In early January, the US Virgin Islands introduced a bill in the US House of Representatives to establish a visa-waiver programme for citizens of the Caribbean Community (CARICOM). The programme would allow visa-free entry for up to 30 days for purposes of tourism or business, and could be suspended by the United States. The bill is viewed by some with anxiety however, particularly as there are fears it would not improve tourism, and instead encourage migration from islanders hoping to use the US Virgin Islands as a stepping stone into the United States.
On 17 January, Brazil’s Minister for Tourism, Marcelo Alvaro Antonio, said that Brazil was considering removing visa requirements for citizens of the United States, as well as Australia, Canada, and Japan. The news falls in line with Brazilian President Jair Bolsonaro’s policies of strengthening ealing ties with the United States and encouraging tourism.
On 1 January, the United Arab Emirates inaugurated a new, visa-on-arrival regime for citizens of the Maldives. The scheme applies to holders of diplomatic, official, and ordinary passports who visit the United Arab Emirates for no longer than one month. It does not cover persons travelling for business. The relevant agreement was signed between the United Arab Emirates and the Maldives on 28 December 2018.
On 3 January, the United Arab Emirates penned a Memorandum of Understanding with Burundi to establish visa-free travel for their respective citizens. The Memorandum was signed by the United Arab Emirates’ Minister of State, Zaki Nusseibeh, and Burundi’s Minister of Foreign Affairs and International Cooperation, Ezéchiel Nibigira. The United Arab Emirates and Burundi have been enjoying closer relations, with the former applauding Burundi’s decision to participate in EXPO 2020 Dubai.
In early January, Qatar announced that citizens of Pakistan could avail themselves of visas-on-arrival at Qatari airports for trips of up to 30 days. Pakistanis must present a confirmed and non-cancellable return ticket, dated to at most six months from the date of entry. The must also present evidence of accommodation, and a valid credit or debit card in their name. If travelling from Pakistan, they must also show they are vaccinated against polio.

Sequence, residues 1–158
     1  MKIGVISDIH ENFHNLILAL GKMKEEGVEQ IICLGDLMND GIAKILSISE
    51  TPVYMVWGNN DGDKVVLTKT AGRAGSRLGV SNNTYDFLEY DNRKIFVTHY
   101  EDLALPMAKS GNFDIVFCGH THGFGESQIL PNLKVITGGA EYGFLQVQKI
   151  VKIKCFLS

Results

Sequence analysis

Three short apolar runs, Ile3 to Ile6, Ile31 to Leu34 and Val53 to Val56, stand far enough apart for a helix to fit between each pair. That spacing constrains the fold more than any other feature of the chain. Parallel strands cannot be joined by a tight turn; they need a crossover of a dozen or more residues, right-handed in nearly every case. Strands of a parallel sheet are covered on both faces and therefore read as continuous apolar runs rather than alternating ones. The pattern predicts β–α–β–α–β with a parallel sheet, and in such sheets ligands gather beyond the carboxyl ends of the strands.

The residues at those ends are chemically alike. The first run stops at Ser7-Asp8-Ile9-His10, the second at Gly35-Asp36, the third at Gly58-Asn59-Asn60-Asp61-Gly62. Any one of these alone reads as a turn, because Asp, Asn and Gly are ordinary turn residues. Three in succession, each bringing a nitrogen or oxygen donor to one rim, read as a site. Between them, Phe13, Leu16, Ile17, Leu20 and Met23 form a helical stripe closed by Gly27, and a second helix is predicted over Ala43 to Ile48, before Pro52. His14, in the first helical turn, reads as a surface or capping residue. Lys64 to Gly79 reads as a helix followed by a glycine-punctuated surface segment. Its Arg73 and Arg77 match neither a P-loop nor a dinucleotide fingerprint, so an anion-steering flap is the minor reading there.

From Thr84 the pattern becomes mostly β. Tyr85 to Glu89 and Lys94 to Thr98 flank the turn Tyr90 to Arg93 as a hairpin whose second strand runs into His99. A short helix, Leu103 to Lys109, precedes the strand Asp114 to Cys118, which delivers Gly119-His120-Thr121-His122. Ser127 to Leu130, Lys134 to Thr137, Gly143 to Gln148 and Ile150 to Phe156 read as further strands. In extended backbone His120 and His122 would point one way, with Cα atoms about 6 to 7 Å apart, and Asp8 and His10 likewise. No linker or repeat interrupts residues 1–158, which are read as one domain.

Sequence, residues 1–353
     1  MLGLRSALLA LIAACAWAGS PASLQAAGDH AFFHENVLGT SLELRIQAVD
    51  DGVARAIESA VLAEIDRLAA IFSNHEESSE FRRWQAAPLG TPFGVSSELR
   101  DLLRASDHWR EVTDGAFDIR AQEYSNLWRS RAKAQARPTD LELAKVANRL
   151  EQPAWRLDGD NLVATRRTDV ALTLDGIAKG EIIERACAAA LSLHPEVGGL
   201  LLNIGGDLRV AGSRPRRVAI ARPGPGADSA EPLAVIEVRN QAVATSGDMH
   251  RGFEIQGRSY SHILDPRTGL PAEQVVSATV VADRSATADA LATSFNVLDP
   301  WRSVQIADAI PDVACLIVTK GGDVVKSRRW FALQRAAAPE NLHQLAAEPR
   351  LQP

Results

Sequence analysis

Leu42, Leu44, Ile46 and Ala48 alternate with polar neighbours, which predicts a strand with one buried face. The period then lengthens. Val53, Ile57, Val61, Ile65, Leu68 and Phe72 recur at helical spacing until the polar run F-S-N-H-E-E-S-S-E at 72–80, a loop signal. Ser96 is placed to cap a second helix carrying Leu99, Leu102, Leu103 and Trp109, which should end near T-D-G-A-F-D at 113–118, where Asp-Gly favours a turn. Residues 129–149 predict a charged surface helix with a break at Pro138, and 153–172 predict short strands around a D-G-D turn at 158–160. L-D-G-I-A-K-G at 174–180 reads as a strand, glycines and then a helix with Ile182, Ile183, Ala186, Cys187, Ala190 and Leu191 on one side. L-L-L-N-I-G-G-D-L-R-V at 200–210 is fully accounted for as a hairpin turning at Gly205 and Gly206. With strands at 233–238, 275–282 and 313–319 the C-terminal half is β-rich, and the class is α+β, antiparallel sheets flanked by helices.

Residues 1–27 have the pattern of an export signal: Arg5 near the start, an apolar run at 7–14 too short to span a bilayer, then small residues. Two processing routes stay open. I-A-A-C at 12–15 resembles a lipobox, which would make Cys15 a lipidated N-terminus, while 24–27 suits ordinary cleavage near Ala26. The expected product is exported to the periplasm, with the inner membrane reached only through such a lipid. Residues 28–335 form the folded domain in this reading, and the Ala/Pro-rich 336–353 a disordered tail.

On 16 January, in a meeting at Iran’s Consulate General in Iraq’s holy city of Karbala, Iran’s Foreign Minister, Mohammad Javad Zarif, said that Iran and Iraq may sign a visa waiver agreement on the occasion of Iranian President Hassan Rouhani’s trip to Iraq. He also stressed that he saw no ceiling on the possibilities for collaboration between the two nations.
On 21 January, the Head of Lebanon’s Chamber of Commerce, Industry, and Agriculture, Mohamed Choucair, said that Lebanon was considering establishing a visa waiver regime with Algeria. “This is one of the opportunities that exist between the two countries and we will be working on it very soon,” he noted.
Starting from 1 January and continuing to 31 December 2019, Malaysia opened a visa-on-arrival system for nationals of India. The system allows Indians to register online via Malaysia’s Electronic Travel Registration & Information (eNTRI) facility, and to show their eNTRI Note at the Malaysian border. Indians have 90 days to enter Malaysia from the date of issuance of the eNTRI Note and may remain in the country for up to 15 days.
Beginning on 1 January, the Chinese city of Kunming extended its visa-free travel policy from stays of a maximum of 72 hours to 144 hours. The policy enables persons from 53 countries to travel from one country to a different one, transiting via Kunming. No other transit stops within China are allowed. Persons must not leave Kunming to return to the same country from which they first entered the city, and travel must be by plane – not by land or sea. Evidence of onward air travel must be provided. The 53 countries include most of Europe, Argentina, Australia, Brazil, Brunei, Canada, Chile, Japan, Mexico, New Zealand, Qatar, Singapore, South Korea, the United Arab Emirates, and the United States. The same policy was also inaugurated on 1 January 2019 in the cities of Chengdu, Qingdao, Wuhan, and Xiamen.